If you child’s negative feelings don’t pass over time, you may want to consider obtaining some professional help, initially talk to you GP and see what they suggest.
It’s also a good idea to talk to your child’s teacher at school, to establish if how they are feeling is affecting their schoolwork or friendships. They may have a school counsellor that your child can talk to. Different professionals often work together in Child and Adolescent Mental Health Services (CAMHS) run through the NHS.
During the pandemic children and young people may need more emotional support.
It’s important to minimize the negative impact the pandemic is having on your children. You can do this by explaining the facts to them, answering their questions truthfully and being there to support them.
Like adults, children will respond to the current situations differently, they may be more clingy, anxious, withdrawn, angry or agitated. Remember to listen to your children and re-assure them. Keep routines where possible or create new ones, building in time for learning, play and relaxation. The best way to communicate to your children is by talking about worrying news with open, confident, clear, and truthful facts.
Here are some helpful tips:
News – the important thing about seeing or hearing the news is balance. Don’t force children news or shield them from. Discourage overexposure, small doses of real-life news are helpful, whereas large doses may have a negative impact on children.
Questions – answer you children’s questions truthfully and let them know the facts about the situation. It is common for children to have misunderstandings about traumatic events so encourage them to ask lots of questions, so you can correct any confusion. If you don’t know the answer to a question they ask you, explain you don’t know and then find out the answer and let them know.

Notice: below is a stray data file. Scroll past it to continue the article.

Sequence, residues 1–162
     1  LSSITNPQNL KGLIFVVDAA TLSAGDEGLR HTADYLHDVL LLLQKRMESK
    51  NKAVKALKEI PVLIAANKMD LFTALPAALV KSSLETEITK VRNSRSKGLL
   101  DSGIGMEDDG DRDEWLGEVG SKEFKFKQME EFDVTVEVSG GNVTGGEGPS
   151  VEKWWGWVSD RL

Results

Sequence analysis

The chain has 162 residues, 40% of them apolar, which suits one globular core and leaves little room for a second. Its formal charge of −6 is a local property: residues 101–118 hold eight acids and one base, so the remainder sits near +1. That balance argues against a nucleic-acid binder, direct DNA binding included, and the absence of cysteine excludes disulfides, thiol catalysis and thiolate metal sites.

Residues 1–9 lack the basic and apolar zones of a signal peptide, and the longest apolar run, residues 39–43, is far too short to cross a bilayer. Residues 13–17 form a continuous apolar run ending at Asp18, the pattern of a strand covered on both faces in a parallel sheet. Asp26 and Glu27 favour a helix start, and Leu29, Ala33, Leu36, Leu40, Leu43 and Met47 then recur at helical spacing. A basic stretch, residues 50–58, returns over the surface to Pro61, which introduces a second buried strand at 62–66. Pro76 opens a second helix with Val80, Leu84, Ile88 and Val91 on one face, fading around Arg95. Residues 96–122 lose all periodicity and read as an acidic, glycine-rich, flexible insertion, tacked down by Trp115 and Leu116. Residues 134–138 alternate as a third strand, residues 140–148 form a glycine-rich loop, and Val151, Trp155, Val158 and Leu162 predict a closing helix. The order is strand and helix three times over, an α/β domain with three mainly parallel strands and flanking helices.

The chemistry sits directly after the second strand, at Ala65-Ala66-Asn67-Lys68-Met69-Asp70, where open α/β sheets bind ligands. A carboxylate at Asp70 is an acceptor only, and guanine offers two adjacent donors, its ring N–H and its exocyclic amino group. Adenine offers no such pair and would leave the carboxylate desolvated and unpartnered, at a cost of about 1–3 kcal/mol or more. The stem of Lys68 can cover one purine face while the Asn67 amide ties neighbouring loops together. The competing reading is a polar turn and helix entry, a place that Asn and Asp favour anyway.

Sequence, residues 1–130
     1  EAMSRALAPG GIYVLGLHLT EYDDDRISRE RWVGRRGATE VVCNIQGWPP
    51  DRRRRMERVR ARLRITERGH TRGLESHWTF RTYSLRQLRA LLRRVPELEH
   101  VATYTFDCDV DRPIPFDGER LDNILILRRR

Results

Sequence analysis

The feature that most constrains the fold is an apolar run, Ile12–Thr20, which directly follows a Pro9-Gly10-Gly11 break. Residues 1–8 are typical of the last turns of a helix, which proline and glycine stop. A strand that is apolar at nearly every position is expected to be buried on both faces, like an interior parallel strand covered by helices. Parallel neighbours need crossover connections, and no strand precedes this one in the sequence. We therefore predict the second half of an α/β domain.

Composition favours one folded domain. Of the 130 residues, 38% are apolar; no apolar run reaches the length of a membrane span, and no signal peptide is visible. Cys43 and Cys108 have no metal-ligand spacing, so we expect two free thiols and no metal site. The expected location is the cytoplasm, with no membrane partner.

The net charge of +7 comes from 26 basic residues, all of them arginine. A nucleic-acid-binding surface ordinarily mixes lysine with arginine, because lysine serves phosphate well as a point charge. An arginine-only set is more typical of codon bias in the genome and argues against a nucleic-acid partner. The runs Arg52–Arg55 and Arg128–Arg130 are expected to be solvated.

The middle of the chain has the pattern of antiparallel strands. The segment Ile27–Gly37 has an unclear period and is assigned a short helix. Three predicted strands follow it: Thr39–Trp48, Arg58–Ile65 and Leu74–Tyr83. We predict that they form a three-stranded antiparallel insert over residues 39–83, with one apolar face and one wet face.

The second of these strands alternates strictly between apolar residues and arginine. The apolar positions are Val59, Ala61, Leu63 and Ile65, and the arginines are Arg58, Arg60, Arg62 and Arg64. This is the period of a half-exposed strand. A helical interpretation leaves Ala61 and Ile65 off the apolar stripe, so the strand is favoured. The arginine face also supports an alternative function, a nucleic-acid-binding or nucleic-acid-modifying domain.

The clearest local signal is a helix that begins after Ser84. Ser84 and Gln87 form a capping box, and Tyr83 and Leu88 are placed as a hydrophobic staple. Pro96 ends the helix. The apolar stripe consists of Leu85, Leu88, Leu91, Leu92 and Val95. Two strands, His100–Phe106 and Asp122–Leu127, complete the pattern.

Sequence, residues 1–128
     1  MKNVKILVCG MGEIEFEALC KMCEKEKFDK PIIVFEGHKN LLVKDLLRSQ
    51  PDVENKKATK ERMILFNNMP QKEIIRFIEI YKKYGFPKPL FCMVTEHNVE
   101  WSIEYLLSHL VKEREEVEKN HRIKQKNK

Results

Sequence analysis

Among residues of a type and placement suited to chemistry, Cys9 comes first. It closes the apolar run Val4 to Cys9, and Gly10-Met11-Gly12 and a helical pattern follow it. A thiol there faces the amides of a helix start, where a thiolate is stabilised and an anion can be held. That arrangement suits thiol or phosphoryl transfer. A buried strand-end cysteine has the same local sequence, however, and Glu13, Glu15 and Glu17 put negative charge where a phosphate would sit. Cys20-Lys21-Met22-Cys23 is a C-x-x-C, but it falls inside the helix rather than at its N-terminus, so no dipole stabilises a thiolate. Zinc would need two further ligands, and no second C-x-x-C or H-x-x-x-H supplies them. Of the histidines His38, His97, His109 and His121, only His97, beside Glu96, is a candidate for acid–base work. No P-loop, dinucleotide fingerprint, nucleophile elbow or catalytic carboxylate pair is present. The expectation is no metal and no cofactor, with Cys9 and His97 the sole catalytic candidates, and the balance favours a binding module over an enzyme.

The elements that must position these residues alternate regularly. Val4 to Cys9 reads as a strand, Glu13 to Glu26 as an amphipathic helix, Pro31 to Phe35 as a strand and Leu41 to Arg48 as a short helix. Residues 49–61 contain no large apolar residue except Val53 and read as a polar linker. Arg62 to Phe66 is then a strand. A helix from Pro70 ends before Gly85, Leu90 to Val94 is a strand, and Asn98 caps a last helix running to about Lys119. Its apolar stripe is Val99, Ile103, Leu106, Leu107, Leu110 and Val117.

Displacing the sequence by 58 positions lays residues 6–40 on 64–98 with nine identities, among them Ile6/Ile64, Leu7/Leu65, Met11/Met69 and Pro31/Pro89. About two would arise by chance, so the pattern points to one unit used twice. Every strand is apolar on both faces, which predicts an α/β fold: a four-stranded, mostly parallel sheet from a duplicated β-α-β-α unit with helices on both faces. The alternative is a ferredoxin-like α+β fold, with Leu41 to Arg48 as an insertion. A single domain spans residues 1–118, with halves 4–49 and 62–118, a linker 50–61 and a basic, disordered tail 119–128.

Support – make sure you are there to support your children and let them know they are safe and loved.
Worry – let them know that it is normal to be concerned. Let them know that bad things can happen, but they don’t happen very often, so they do not need to be scared.
Time – ensure you find the right time to talk about what is worrying your child. If your child starts asking questions at an inconvenient time explain to them that you would like to talk to them about it later and invite them to remind you, so they know you really are interested.
Repetition – remember that children tend to repeat themselves when they are feeling uncertain or worried. They may need to ask the same question a number of times until they are feeling more reassured.
Truthful – be as truthful as possible. It can be tempting, when children ask a direct or tricky question, to avoid it by bending the truth. This can be unhelpful when they are talking to others about what happened. It is often more helpful to be as honest as possible.
Age appropriate – tailor the conversation to their age. All children have different temperaments and sensitivities. Their ability to understand the world, take in and react to bad news will depend on their age.
If you have more than one child, you might want to talk about the news with them individually and tailor what you say to their needs and level.
At the end of each day talk about the things in the day that you have been grateful for, it will very quickly become a habit and help children to find the positive, no matter how small, in even the worst of days.